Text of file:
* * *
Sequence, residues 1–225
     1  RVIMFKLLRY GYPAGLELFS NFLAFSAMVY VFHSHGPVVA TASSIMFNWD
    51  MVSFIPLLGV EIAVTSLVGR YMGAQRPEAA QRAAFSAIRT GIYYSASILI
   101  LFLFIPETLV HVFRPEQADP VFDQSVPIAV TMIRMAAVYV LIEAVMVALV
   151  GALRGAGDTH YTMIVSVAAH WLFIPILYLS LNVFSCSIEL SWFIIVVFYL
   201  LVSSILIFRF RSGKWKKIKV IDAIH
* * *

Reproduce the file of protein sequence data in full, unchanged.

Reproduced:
Sequence, residues 1–225
     1  RVIMFKLLRY GYPAGLELFS NFLAFSAMVY VFHSHGPVVA TASSIMFNWD
    51  MVSFIPLLGV EIAVTSLVGR YMGAQRPEAA QRAAFSAIRT GIYYSASILI
   101  LFLFIPETLV HVFRPEQADP VFDQSVPIAV TMIRMAAVYV LIEAVMVALV
   151  GALRGAGDTH YTMIVSVAAH WLFIPILYLS LNVFSCSIEL SWFIIVVFYL
   201  LVSSILIFRF RSGKWKKIKV IDAIH